The RC comparison intervention matched the SAPP in structure and time but did not include content related to relationships or conflicts. Rather, RC control students engaged in reading aloud from a chapter book and completed accompanying literacy activities. Women with teaching degrees and/or experience in tutoring children in schools led the RC groups. RC group leaders conducted individual activities rather than group projects and addressed behavioral issues individually. During the first session, students were presented with several book choices, all of which were adventure books that involved a female protagonist. None of the books involved peer relationships as themes. Throughout the 10-week intervention, the comparison RC group kept journals and read aloud from the book while group leaders facilitated activities, writing assignments, and discussions of book content and characters. Goals of the RC intervention included increasing student exposure to words and improving basic reading abilities.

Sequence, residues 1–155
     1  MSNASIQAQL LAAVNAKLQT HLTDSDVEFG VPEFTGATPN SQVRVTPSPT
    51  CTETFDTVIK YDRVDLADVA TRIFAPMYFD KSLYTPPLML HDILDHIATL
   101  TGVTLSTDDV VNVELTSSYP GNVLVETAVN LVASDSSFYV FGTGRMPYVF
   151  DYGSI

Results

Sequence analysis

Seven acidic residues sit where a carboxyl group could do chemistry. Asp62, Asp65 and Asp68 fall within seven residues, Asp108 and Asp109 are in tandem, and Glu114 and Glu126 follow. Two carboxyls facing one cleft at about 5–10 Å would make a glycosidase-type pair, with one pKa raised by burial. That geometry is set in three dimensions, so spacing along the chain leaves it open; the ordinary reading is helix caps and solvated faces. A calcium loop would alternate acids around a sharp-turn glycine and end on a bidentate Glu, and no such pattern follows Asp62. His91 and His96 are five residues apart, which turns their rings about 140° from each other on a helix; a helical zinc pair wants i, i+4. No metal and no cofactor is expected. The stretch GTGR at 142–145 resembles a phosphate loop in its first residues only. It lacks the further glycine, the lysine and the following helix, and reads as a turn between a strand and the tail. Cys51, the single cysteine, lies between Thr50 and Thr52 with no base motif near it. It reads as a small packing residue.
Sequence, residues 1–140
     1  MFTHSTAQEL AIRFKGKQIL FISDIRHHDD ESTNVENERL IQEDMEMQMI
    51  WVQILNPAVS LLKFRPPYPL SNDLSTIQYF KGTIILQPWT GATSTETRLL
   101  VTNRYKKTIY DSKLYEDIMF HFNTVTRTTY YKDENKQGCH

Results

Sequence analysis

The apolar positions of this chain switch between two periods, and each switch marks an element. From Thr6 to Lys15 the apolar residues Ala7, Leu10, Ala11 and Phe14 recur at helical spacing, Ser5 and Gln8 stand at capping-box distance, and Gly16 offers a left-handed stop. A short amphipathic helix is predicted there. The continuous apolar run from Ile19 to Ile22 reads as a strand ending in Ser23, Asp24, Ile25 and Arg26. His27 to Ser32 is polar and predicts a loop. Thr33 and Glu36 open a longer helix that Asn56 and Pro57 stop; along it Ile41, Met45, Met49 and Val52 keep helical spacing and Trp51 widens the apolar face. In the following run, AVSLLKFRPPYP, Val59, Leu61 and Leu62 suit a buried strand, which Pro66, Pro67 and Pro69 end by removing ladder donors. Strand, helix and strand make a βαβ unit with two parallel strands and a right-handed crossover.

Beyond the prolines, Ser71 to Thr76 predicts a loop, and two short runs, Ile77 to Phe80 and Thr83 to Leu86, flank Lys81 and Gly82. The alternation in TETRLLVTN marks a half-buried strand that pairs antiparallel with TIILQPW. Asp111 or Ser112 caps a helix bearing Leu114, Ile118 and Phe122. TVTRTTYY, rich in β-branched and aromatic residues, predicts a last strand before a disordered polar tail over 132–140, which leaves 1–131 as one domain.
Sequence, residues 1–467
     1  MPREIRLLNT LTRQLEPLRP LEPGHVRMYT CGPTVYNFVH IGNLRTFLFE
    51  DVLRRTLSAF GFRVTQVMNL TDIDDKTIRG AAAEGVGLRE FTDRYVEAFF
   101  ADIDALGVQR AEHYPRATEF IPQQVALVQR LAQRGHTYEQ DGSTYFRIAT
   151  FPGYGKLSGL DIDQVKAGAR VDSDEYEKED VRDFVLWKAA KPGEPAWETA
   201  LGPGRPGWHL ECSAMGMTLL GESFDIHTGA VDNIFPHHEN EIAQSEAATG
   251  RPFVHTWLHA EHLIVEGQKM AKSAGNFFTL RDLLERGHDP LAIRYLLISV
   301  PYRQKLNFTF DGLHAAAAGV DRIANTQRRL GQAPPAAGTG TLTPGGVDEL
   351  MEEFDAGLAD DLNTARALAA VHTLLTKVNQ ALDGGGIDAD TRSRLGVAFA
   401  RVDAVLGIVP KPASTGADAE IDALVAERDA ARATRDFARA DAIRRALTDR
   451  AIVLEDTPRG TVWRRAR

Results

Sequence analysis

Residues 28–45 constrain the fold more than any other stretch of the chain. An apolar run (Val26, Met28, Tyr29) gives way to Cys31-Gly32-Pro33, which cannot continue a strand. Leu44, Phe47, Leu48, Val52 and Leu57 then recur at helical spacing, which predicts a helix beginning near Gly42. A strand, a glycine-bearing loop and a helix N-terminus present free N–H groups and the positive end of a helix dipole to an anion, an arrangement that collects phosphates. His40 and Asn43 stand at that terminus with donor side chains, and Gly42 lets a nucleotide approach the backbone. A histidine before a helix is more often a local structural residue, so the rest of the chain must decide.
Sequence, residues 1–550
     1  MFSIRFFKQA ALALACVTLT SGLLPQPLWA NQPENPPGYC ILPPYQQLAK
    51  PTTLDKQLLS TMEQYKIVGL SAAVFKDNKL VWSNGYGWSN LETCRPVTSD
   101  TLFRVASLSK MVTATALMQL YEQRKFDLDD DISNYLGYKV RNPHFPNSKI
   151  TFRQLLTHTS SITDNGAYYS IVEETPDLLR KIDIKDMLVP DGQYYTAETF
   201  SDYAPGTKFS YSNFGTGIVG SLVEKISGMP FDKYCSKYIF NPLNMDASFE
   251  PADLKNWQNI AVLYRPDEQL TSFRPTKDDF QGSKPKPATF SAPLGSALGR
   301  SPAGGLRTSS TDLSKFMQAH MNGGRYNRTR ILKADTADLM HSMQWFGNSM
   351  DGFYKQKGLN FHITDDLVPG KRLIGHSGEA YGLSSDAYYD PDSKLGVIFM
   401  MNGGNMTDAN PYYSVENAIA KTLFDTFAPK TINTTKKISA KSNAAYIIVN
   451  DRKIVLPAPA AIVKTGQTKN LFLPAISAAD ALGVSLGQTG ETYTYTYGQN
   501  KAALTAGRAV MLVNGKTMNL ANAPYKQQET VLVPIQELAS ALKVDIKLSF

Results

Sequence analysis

Data collection for this study occurred 2–4 weeks prior to exposure to the intervention, and 2–4 weeks post-intervention. At both times, self-report, peer-report, and teacher-report instruments developed by the researchers based on existing instruments were used to obtain data on participants’ emotional understanding, social problem-solving and social behavior, and other internalizing and externalizing symptoms. Self-report surveys were administered to all girls within the classroom (both pre- and postintervention), but the girls were not privy to the reason for the survey. Undergraduate research assistants and graduate student researchers administered the 15-minute self-report surveys. Peer assessments were conducted for each child in a private setting via a one-to-one interview with a researcher. After each session, average peer-rating scores were computed for each child based on the interview sessions. Teachers were also asked to complete behavior and achievement rating scales for each student in the classroom during the same week in which researchers collected data from the students.